One of the challenges that we have had that’s a little bit different is that we’ve got existing vehicle, say for the launch vehicles, we’ve got existing designs that we are assessing against NASA design and construction standards. So, that has been a challenge because rather than having those standards that you designed to, we’re seeing how an existing design fits within those preexisting standards. And then our commercial providers also have put together what we’re calling their alternate standards. So they take our requirements and how they propose to meet the intent of those requirements. And then our team has to assess that. So, that’s a little bit different than what we’ve technically done or as far as sequentially done relative to those standards.

And we’ve got a diverse team of technical experts that must assess all of those standards against — you’ve got materials and processes. You’ve got your safety factors. You’ve got your mechanisms, avionics and software. So, you’ve got quite a technical diverse team that has to assess existing designs or even be able to provide some of their influence into what needs to be modified to those designs.

Host: What are your thoughts on the approach that’s been taken with Commercial Crew and how it compares or contrasts with the traditional approach?

Lupo: I guess one of the biggest differences is the small footprint on the NASA side. Traditionally, NASA teams were much larger with an oversight role. And now we have more of an insight role where we’re digging into the partners, getting an understanding of how they’re operating, but not the same type of role that we’ve had in the past. So with that small footprint we’re really relying on that shared assurance model. But what we’ve seen is as the program has progressed is that although that plan to have that initial small footprint was out there, the overall NASA management team had different expectations than that original plan. And that’s been a challenge as we get closer to launch, thinking that we’ve had a similar large footprint trying to dig into these partners that we haven’t had. And overall it has been a challenge to get the management team to understand.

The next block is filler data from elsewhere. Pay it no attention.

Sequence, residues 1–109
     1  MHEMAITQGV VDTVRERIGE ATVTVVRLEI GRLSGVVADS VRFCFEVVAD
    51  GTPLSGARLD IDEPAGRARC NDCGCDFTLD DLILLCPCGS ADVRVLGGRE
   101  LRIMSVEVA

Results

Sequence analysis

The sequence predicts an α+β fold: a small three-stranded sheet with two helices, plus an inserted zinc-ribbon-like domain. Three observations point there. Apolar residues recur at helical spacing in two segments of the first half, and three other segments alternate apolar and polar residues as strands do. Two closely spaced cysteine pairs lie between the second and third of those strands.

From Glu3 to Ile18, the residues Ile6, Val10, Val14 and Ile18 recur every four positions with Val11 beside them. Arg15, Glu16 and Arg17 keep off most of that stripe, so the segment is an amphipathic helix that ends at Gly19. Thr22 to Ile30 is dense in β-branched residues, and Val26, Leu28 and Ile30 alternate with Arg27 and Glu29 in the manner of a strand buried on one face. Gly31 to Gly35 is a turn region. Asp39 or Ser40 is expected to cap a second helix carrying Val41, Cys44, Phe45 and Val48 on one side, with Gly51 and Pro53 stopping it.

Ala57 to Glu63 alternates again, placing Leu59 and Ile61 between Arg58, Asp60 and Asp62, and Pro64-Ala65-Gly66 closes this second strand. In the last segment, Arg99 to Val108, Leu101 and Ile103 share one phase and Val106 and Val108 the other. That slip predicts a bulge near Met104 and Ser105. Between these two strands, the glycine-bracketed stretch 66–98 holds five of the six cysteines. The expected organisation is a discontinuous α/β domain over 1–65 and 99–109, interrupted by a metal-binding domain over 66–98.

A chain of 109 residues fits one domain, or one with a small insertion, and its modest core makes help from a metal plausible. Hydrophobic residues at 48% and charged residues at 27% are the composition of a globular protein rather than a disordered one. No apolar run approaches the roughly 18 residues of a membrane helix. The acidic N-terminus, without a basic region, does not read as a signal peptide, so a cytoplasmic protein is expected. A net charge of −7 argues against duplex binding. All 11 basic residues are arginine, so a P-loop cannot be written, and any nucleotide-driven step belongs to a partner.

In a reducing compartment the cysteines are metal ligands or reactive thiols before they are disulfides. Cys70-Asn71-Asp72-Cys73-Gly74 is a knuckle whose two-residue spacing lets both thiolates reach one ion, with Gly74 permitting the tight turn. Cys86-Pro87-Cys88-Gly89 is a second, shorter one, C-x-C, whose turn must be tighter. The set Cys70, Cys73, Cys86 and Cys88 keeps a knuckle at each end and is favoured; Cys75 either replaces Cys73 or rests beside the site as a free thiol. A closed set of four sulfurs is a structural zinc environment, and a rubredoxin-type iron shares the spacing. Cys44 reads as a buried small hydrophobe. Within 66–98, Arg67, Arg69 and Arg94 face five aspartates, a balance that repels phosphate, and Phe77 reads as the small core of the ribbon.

Crane: And in addition to that, the Commercial Crew Program, we use hazard reports. So, as a process to ensure that we’ve got risk mitigation efforts, that they’re implemented and that we’ve got proper controls in place to minimize those hazards that have been identified for all the various systems of our vehicles as well as operation of the vehicles. So that’s a little different approach. We’ve had hazards before, but we use that more of a leverage to ensure we put proper controls and design, maybe modifications in place to address those hazards.

Sullivan: And what I’ve seen with the commercial partners, they both have very unique ways to approach the design development. So, they challenged the requirements a little bit more. They want to understand the basis where they were derived and why they’re levied on them. And so there’s a little bit of more challenging on the requirements side. They embrace new technology or new nontraditional approaches in their designs across the board. And that’s actually forced kind of for NASA to pull in experts from across the agency and in the different NASA centers. So, I think there’s more utilization of what we call the NASA Engineering Safety Center, the NESC. So, it’s a group of technical fellows that are discipline experts and it’s really forced us to do actually additional testing or understanding of the physics that’s going on or the chemistry of a new approach or maybe a methodology that the partner’s using. So, a lot of places are using kind of nontraditional spaceflight things that we haven’t had experience with.